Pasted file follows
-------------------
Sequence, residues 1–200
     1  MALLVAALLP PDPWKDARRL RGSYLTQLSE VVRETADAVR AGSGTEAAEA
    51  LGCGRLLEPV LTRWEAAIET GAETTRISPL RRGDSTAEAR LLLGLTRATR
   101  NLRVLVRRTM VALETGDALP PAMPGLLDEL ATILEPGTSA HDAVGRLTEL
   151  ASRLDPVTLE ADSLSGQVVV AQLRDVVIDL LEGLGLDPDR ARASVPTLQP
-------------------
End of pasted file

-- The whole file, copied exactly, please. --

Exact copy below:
Sequence, residues 1–200
     1  MALLVAALLP PDPWKDARRL RGSYLTQLSE VVRETADAVR AGSGTEAAEA
    51  LGCGRLLEPV LTRWEAAIET GAETTRISPL RRGDSTAEAR LLLGLTRATR
   101  NLRVLVRRTM VALETGDALP PAMPGLLDEL ATILEPGTSA HDAVGRLTEL
   151  ASRLDPVTLE ADSLSGQVVV AQLRDVVIDL LEGLGLDPDR ARASVPTLQP